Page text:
Pick the Right Solenoid Valve
To control pneumatic cylinders and actuators with fluid power, air flow must be reliably controlled, typically with a solenoid valve.
Pat Phillips, Product Manager, Fluid Power & Mechanical Products at AutomationDirect, wrote an article titled There’s a Valve for That, which ran in the November-December 2017 issue of IEN magazine. In the article, he discussed the variety of pneumatic solenoid valves available, along with ways to pick the proper type and style for each application.
Control of pneumatic motion extend, retract, open and close actions starts with clean, dry air supplied and exhausted from cylinders and actuators using pneumatic valves, often called directional control valves. Several selection criteria for pneumatic valves were discussed in the article as noted in Table 1.
Table 1: Selection Criteria for Pneumatic Valves
- Valve actuation
- Valve types and configurations
- Number of ports and position
These directional control valves can be operated manually, or they can be solenoid-operated or air-piloted. Phillips mentions manual valves such as food pedals, toggle actuators, pushbutton and handles—and also discusses other valve types.
“Automated machines typically use solenoid-operated or air-piloted solenoid valves. These valves are usually activated using 12 Vdc, 24 Vac/dc or 120 Vac power. Air-piloted solenoid valves use a small electrically operated valve spool to switch air that operates a larger main valve spool, minimizing the amount of electrical energy needed to control the valve. These valves have a minimum operating pressure needed to shift the spool.”
Phillips talks about how pneumatic valves switch air using poppet, diaphragm and spool configurations, and covers the common pneumatic valve types listed in Table 2.
Table 2: Common pneumatic valve types
- 2-port (2-way), 2-position
- 3-port (3-way), 2-position
- 5-port (4-way), 2-position
- 5-port (4-way), 3-position
“The type of work a pneumatic valve can do depends on the number of ports and positions, with several valve types available. The number of different pathways by which air can flow in or out of a valve are called “ways”. The number of states a valve has are referred to as “positions”. Regardless of the valve type, all valves have an air inlet port (P), and one or two air outlet ports (A, or A and B).”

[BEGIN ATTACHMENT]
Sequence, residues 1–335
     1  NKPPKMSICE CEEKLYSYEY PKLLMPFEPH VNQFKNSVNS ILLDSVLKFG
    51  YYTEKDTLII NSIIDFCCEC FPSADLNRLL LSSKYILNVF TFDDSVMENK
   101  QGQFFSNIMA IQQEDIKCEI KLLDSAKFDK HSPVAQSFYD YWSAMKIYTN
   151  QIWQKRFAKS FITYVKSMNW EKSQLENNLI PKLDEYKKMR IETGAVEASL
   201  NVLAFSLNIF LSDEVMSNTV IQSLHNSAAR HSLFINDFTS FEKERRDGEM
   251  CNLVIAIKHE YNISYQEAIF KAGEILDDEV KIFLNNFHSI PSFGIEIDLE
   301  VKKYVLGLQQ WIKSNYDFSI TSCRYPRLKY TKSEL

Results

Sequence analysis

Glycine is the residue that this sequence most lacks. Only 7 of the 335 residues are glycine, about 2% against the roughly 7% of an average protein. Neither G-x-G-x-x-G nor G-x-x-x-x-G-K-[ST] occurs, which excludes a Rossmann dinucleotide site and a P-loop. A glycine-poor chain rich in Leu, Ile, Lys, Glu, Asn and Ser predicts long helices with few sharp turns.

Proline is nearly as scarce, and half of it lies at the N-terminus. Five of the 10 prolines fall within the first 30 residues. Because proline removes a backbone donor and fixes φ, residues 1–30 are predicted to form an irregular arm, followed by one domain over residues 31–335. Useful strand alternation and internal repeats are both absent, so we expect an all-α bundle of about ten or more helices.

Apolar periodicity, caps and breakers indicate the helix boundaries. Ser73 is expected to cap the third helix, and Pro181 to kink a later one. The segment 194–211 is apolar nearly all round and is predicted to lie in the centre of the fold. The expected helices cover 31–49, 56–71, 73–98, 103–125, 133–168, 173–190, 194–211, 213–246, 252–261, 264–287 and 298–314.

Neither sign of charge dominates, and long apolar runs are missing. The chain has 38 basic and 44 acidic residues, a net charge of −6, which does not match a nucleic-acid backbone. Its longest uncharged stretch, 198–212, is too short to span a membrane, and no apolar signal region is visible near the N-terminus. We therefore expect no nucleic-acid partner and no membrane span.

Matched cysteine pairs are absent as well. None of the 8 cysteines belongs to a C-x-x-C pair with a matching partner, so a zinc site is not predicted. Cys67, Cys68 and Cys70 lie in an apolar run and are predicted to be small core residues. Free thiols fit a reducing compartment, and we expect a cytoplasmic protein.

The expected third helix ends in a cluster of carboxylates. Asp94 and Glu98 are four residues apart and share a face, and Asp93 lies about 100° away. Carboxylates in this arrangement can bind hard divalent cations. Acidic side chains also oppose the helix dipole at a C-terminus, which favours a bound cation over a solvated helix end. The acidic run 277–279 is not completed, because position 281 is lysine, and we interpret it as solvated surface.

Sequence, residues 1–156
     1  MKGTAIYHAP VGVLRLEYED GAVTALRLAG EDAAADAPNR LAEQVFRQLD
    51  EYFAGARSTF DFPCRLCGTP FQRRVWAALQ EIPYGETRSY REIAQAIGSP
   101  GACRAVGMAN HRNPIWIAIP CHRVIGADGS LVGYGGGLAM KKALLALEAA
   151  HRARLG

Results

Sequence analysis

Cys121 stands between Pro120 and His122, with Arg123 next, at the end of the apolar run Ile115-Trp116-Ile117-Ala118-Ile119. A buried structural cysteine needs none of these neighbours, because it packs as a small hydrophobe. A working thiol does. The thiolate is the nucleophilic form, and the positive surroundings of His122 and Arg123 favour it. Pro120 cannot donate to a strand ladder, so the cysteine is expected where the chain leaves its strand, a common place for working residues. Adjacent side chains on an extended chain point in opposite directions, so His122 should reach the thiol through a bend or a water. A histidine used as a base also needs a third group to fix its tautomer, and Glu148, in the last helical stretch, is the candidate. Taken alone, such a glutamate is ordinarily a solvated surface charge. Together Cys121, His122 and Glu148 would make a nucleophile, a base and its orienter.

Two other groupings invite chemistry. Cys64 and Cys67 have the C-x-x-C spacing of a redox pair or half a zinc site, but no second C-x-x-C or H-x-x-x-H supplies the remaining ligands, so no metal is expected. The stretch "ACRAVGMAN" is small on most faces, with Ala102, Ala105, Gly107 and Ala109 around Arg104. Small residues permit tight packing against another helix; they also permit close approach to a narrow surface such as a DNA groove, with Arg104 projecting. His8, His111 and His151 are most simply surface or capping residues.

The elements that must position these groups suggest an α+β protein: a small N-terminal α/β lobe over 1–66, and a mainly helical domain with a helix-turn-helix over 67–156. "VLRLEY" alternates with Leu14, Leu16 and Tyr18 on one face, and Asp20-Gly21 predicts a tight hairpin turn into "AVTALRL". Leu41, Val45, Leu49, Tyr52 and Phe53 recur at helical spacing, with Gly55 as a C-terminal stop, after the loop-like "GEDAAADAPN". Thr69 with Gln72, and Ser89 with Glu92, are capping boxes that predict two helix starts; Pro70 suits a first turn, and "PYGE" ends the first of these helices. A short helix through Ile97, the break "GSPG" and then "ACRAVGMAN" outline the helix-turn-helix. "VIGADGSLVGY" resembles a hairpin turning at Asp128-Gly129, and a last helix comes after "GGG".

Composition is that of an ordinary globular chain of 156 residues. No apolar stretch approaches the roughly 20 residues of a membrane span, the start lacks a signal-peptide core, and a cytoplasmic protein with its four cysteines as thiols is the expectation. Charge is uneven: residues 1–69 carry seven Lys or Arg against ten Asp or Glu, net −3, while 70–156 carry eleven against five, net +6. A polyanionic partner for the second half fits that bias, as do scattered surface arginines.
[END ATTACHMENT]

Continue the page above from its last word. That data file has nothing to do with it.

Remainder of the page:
Phillips explains operation of 2-port or 2-way, 2-position valves with one inlet and one outlet port so it is either open or closed as would be use for an air blow off. He also shows how a 3-way valve adds an exhaust port to fill or empty a pressure vessel.
“Adding an extra exhaust port is common, but it can cause confusion with some valve types. For example, a 5-port valve is still a 4-way valve with two exhaust ports, often labeled R and S. These ports are open to atmosphere, so they are the same “way”. With a 5-port valve, there is also an inlet port (P) and two outlet ports (A and B).”
Phillips explains how to understand and use 5-port valves, commonly used in fully automated machines.
“5-port valves are available in 2- and 3-position models. With 5-port, 2-position valves, the A and B output ports are in complementary mode. When one is supplied inlet air pressure, the other exhausts air, which works well for extending and retracting double-acting cylinders. 2-position valves are often spring return. During design, consider unintended cylinder motion after an emergency stop or during power on.”
A center or neutral position is available in a 5-port, 3-position valve. Phillips notes that with both solenoids de-energized, the center position will either supply pressure to both output ports, block both outlets, or exhaust pressure from both. “A closed center valve works well when holding a cylinder position. The center exhaust is used to dump air from a cylinder when not actuated, usually for safety reasons.”
AutomationDirect hopes this blog provided you a brief overview of pneumatic valves and some applications. And if you want to know more, download this comprehensive eBook, Practical Guide to Pneumatics, to help advance your pneumatic knowledge.
For more information on solenoid valves check out https://www.automationdirect.com/solenoid-valve.